This Fairy Tale Fortnight post is from author Laura Lond. Laura's books take an interesting twist, offering a main character who, according to the Goodread's summary, is a villain, but still quite capable of being the hero of his own story. I think it sounds delightful! Misty will have more stuff from Laura about her books (Sunday, I believe) but for her, here is an excerpt from book 2.
Excerpt from My Royal Pain Quest, book 2 of The Lakeland Knight Series
by Laura Lond
by Laura Lond
The Tenebrous Valley greeted us with a chilly breeze. The place deserved its dreary name. It was misty and damp, fog rose from the wide river in the middle and spilled out onto the bank. The hills on both sides quickly grew into mountains, blocking the sun more and more as we went deeper in.
The prince was clearly nervous, constantly glancing over his shoulder. I knew exactly how he felt.
Some time later I noticed him look at Cassandra again. And again.
“Your face seems familiar,” he said. “Have you been to Dalvanna?”
“No, I haven’t.”
“What’s your name? Archibald?”
“Yes, Your Highness! I will not have a villain’s servant disregard my title!”
“He will skip Your Highnesses if he so desires,” I interfered, “and I wouldn’t recommend retaliation. He is excellent with the sword.”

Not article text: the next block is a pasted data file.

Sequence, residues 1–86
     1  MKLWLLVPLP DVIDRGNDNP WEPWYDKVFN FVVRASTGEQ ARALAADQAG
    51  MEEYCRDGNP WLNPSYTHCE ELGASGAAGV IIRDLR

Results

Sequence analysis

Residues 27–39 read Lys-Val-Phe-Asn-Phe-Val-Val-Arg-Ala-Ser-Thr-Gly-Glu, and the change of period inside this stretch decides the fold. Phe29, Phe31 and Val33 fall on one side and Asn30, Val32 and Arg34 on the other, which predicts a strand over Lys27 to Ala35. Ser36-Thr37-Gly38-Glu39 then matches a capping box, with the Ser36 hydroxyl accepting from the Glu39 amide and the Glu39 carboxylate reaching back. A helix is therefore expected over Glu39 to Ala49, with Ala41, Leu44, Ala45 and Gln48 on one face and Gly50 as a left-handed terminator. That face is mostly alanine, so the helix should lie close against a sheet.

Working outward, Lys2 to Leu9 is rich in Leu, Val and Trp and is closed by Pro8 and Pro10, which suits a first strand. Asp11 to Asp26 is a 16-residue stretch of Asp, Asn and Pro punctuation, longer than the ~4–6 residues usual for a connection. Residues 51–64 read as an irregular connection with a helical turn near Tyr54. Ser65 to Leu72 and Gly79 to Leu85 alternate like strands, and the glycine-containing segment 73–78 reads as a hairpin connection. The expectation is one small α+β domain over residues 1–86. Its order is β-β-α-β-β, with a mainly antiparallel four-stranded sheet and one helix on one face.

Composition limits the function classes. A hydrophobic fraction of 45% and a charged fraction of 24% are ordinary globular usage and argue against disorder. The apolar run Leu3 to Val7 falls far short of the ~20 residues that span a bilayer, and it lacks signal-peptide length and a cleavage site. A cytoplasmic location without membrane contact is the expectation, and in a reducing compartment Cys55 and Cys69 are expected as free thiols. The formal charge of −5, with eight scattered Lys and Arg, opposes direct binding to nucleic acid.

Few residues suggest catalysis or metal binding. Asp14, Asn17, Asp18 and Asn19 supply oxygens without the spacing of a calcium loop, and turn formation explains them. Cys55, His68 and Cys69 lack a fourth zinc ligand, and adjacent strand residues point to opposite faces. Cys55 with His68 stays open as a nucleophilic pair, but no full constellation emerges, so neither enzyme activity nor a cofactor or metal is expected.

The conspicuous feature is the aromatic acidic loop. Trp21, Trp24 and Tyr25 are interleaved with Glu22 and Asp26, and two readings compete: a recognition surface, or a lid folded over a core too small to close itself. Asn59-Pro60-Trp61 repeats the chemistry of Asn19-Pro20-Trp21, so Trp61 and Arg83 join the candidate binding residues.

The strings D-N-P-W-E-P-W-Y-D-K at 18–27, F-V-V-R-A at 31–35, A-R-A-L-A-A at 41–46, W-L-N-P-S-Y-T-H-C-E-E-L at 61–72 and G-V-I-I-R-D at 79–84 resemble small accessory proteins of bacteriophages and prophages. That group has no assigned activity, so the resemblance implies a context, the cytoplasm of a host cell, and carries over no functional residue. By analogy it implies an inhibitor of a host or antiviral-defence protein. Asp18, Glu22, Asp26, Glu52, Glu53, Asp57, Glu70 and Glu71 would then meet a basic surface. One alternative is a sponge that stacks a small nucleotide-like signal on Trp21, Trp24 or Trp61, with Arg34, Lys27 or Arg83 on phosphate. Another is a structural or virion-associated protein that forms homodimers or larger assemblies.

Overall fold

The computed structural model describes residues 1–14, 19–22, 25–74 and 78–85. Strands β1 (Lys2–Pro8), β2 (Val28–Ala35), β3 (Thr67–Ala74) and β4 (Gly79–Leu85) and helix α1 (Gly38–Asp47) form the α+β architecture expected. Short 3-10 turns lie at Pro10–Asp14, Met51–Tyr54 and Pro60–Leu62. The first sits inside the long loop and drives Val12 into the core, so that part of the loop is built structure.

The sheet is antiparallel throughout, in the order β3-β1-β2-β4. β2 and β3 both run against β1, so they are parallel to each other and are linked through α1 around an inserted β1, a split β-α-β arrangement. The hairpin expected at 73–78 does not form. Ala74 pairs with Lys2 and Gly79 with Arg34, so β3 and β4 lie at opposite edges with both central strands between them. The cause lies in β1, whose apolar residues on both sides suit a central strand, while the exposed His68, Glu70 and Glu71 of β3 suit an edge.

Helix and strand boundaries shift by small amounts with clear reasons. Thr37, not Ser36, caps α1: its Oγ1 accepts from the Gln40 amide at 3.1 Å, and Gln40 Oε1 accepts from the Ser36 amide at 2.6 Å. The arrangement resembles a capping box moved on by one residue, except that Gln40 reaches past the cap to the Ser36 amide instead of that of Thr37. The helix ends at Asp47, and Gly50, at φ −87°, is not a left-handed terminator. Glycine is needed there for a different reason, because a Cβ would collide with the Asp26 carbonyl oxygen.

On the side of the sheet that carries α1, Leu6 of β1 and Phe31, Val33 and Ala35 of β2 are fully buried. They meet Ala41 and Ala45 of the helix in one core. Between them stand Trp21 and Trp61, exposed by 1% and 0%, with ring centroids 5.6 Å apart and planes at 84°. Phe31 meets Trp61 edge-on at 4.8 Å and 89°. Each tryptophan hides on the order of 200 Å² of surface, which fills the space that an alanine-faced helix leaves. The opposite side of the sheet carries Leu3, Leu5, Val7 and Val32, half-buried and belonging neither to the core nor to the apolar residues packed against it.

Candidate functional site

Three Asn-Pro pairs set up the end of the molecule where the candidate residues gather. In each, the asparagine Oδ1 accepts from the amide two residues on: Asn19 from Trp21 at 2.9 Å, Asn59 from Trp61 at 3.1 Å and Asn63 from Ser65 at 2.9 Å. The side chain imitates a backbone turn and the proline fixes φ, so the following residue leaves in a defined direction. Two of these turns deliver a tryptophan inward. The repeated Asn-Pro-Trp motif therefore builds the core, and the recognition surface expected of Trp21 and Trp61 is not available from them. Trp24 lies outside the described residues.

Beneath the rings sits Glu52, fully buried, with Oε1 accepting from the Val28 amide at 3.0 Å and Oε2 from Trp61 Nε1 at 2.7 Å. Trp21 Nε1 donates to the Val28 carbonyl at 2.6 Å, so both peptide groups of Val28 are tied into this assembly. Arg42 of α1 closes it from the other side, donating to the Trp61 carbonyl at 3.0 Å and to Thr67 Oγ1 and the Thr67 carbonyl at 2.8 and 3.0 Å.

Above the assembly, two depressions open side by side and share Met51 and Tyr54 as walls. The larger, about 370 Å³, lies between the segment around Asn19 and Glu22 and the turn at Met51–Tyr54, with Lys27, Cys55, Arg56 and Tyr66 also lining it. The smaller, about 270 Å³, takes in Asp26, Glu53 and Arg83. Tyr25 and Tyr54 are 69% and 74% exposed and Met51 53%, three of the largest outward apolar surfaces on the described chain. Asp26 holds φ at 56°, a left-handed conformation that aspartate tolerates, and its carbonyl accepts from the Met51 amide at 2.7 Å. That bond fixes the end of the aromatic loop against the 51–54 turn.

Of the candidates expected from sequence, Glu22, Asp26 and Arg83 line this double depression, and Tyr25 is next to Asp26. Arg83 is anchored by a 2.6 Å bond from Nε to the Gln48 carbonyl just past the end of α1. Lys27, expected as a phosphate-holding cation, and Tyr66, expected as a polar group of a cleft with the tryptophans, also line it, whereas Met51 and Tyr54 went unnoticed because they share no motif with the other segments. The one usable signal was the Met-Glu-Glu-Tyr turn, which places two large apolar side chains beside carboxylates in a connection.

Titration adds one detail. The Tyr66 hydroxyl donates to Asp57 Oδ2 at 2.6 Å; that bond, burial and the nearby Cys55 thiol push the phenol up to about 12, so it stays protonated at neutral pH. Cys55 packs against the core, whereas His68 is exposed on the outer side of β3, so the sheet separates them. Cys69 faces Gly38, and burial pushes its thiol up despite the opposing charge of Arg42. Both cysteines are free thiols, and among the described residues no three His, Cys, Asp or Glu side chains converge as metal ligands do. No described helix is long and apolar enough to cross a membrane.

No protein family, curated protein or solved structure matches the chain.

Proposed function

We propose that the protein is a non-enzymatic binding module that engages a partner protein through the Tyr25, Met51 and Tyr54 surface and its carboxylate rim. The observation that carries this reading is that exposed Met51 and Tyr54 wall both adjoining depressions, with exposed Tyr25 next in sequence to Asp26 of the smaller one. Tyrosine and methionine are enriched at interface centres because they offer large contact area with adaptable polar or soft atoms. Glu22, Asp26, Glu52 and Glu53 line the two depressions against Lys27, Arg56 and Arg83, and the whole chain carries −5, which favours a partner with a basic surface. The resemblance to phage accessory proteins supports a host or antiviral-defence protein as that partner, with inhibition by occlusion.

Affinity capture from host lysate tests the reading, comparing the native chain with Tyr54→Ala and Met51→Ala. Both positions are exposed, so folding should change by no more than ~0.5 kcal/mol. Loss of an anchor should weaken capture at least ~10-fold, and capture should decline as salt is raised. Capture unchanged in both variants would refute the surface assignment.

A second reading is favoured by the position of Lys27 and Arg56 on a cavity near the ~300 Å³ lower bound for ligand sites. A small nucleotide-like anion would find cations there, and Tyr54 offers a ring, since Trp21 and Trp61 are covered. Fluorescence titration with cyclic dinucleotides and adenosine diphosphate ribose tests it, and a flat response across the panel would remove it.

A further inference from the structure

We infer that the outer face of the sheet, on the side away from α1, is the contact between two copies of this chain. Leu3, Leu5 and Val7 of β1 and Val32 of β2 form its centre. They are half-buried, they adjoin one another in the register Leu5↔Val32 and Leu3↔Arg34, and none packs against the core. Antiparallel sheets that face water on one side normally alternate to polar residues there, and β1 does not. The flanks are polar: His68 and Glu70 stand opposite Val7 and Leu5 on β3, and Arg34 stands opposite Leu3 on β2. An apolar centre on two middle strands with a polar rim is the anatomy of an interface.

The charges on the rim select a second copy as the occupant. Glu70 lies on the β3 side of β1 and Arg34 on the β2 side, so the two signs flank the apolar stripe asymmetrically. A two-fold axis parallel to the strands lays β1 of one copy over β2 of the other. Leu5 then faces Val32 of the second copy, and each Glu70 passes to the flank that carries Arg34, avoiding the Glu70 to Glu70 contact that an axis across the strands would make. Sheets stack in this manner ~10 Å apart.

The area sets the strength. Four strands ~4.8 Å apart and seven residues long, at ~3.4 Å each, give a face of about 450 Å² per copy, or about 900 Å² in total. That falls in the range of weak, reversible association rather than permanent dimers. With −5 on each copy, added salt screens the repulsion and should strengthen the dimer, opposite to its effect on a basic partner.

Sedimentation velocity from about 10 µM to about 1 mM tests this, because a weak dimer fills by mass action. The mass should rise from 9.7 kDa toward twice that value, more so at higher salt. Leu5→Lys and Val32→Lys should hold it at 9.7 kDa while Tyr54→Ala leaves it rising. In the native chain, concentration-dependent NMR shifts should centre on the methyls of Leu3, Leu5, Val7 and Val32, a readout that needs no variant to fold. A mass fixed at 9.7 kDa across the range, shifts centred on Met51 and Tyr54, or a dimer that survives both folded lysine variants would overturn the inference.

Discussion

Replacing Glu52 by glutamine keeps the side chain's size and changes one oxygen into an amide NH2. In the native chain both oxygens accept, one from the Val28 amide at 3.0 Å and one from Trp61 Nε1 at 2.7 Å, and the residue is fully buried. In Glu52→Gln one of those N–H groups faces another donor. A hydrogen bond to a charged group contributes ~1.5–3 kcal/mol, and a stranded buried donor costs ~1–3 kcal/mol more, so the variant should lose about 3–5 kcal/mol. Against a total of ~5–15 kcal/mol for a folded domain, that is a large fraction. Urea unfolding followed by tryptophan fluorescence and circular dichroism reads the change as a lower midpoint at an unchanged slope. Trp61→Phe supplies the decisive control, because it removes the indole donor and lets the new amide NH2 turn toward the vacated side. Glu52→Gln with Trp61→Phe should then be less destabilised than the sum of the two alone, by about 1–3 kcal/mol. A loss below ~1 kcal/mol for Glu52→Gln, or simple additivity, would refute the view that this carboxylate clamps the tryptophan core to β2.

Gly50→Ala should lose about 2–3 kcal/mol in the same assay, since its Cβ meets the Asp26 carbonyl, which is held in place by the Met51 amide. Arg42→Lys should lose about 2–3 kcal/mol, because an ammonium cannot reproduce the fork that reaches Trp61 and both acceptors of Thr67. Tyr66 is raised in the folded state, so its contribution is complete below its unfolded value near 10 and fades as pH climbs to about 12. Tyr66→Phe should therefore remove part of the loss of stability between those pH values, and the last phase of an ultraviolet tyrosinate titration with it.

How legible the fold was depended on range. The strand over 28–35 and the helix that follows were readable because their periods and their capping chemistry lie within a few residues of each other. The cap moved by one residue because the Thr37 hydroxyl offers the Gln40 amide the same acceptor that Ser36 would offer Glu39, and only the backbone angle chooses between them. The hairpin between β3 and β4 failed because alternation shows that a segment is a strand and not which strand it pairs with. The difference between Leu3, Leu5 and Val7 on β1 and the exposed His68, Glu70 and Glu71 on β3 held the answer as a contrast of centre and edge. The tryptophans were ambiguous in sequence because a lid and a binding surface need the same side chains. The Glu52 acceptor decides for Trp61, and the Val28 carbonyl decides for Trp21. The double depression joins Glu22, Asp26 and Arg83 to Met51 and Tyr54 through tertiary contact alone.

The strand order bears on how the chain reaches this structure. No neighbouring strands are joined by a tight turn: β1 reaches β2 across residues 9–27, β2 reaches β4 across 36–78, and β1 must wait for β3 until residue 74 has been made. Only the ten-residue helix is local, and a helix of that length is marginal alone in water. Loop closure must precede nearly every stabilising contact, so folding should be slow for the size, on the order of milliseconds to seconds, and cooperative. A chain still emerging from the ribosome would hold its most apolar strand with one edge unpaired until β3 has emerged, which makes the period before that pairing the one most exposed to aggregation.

Kellemar sneered at that. “He won’t dare raise it against me.”
“He will if he has my permission. And as of this moment, he does.”
“Don’t be ridiculous. For whatever reason, you need me alive. You won’t let your servant kill me.”
I smiled. “Of course not. But chopping off an ear or a hand is a different story.”
That shut him up for a long time.
We kept walking, the unpleasantness between us seemingly fading as long as neither one of us said a word. I hoped Cassandra was reassured about the prince possibly recognizing her. Yes, he thought Archie looked a little familiar, but it was clear he had no clue of her identity. Her disguise was too good.
A couple of hours passed. I was beginning to think about a snack when we heard the growl.
I wish I could say ‘the forgotten growl,’ but it wouldn’t be true. I’d never forget that sound.
Kellemar’s face turned white. He stopped in his tracks, frantically searching the reeds where the menacing rumble had come from. I knew he wanted to run—which would be the end of him.
I grabbed his arm; he nearly jumped out of his boots, eyes wild.
“Stay here,” I urged. “Don’t leave my side.”
The reeds moved and parted. The lizard-like monster slithered out, fangs bare, glowing red eyes locked on us. Slowly, he lifted one paw and dragged it over the ground, long claws leaving deep marks.
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